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A Ship A-Sailing

Animation of the Dance

Song Cards Demonstration

Materials Needed:

  • Song Cards: Download from this page (in the box to the right.)
  • Unpitched percussion instruments.


I saw a ship a-sailing, a-sailing on the sea
And it was deeply laden with pretty things for me.
There were comfits* in the cabin and almonds in the hold*
The sails were made of satin and the mast, it was of gold

The four and twenty sailors that stood between the decks
Were four and twenty white mice with rings around their necks
The captain was a duck, a duck, with a jacket on his back
And when this fairy ship set sail,
The captain said quack quack

*Comfits are dried fruits, nuts or spices coated with sugar candy.
* A ship’s “hold” is a storage area for holding cargo

Suggested Grades:


Teaching Suggestions:

This song is a good one for ending class by using the song cards.  The melody is lilting, the words are a delight to the kids, and the pictures provide something for them to focus on.   The melodic range may be challenging for younger children, but it’s a great “listening” song.  It will also help you discover your stellar singers! 

  • After singing the song once and showing the pictures, explain what some of the more obscure words mean (satin, comfits, hold, mast.)  Then sing it through a second time.
  • Sing through a third time, but this time, have the children sing the last word of each phrase while you pause.  (Tell them:  “this time, you fill in the word when I stop singing.”) This gets all the kids involved in learning the song even though the words and melody are challenging at first. 
  • Lastly, have the kids echo-sing each phrase after you.  You may also want to select a child to hold the cards instead of you.

For kindergarten, just continue singing the song with the cards at future classes and the children will become better and better at singing the song.  With grades 1 and 2, (and some advanced kindergarten classes--you be the judge) try continuing on with this activity at future classes:

  • Run through the song again saying you want to see how much of the song they remember.  It’s amazing how more complex songs “sink in” with time.  Some may be able to sing the song in its entirety.
  • To help teach phrasing (and for fun) stand in a circle holding hands.  Walk or skip to the right.  Then, change direction at the end of each phrase—that is, after “sea,” “me,” and “hold.”  In other words, switch directions every time there is a rest (see animation.)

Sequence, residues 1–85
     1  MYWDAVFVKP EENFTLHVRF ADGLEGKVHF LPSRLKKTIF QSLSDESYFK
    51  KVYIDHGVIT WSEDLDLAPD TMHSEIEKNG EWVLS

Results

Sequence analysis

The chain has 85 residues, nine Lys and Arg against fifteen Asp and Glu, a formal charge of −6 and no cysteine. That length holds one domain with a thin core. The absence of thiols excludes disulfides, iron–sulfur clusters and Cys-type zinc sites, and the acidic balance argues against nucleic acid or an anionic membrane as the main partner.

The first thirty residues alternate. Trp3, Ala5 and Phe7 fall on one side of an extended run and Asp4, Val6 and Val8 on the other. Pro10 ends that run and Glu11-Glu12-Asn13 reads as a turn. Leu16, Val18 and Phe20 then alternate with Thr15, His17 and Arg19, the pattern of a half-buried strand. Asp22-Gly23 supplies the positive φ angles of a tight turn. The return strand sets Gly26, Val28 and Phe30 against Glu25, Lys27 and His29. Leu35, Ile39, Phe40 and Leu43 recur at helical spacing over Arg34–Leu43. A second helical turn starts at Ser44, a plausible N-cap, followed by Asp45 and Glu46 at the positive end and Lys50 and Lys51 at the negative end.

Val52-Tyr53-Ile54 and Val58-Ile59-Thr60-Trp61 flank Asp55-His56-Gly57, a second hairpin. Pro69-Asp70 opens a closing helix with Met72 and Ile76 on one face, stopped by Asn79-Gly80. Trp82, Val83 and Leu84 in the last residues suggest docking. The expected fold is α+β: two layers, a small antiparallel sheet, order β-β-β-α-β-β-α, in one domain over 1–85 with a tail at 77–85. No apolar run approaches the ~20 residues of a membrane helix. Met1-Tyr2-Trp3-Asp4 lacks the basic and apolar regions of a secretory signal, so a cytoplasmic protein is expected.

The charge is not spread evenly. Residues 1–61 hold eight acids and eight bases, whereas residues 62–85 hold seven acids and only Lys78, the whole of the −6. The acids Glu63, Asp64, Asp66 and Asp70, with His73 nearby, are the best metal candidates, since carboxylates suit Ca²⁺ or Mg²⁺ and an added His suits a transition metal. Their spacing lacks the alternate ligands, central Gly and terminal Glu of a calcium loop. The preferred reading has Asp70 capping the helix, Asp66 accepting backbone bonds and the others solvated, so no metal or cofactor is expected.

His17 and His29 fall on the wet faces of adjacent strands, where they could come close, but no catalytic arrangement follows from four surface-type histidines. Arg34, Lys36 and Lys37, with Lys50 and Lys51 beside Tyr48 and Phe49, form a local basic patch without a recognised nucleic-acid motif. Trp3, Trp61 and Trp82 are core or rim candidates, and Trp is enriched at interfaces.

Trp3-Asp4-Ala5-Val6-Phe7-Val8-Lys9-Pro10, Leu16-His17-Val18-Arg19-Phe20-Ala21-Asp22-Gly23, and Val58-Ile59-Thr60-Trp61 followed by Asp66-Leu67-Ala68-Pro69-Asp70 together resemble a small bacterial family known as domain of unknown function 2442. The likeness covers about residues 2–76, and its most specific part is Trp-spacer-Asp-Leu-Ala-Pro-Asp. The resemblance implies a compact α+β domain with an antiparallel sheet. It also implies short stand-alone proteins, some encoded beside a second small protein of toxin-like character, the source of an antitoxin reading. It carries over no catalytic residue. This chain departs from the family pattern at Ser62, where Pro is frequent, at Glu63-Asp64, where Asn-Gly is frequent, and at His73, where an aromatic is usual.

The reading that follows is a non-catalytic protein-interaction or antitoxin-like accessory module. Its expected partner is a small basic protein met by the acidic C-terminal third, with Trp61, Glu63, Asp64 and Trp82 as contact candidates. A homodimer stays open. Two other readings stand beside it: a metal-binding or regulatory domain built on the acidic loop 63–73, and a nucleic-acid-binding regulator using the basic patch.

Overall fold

• On “the mast it was of gold,” end the first verse by stopping and holding arms straight in the air pretending to be a mast.
  • Continue with the next verse skipping or walking around, alternating directions at the end of each phrase until the end: "quack quack."  Stop and use both hands to mimic a duck's bill.
  • Next, sit down and have the kids play an unpitched percussion instrument at the end of each phrase.  You can also have them play an open fifth on the tonic of a barred instrument--for example, G and D if you sing the song in the key of the score.  See how perfectly "together" the class can play.  You may notice that they anticipate the beat a little.  If that happens, you can try counting the beats of each measure out loud (one, two, three four, one two three, beat!).
  • Try combining the two activities by having some kids do the circle “dance” while others play instruments at the moment the dancers change direction.  Allow the kids to select the instruments that sound the best together, or play them one at a time.

Add-On Activities:

If you're very brave of heart, try doing this song (or any other songs with ducks in them, like One Day Turkey Went for Walk or Five Little Ducks) in conjuction with a straw-reed instrument making activity.  The straws sound just like ducks!  Get all the information at  Just make sure to let the classroom teachers know what you're doing so they are prepared to confiscate the straws during silent reading time--or maybe right after music class until the end of the day!

Solo Vocal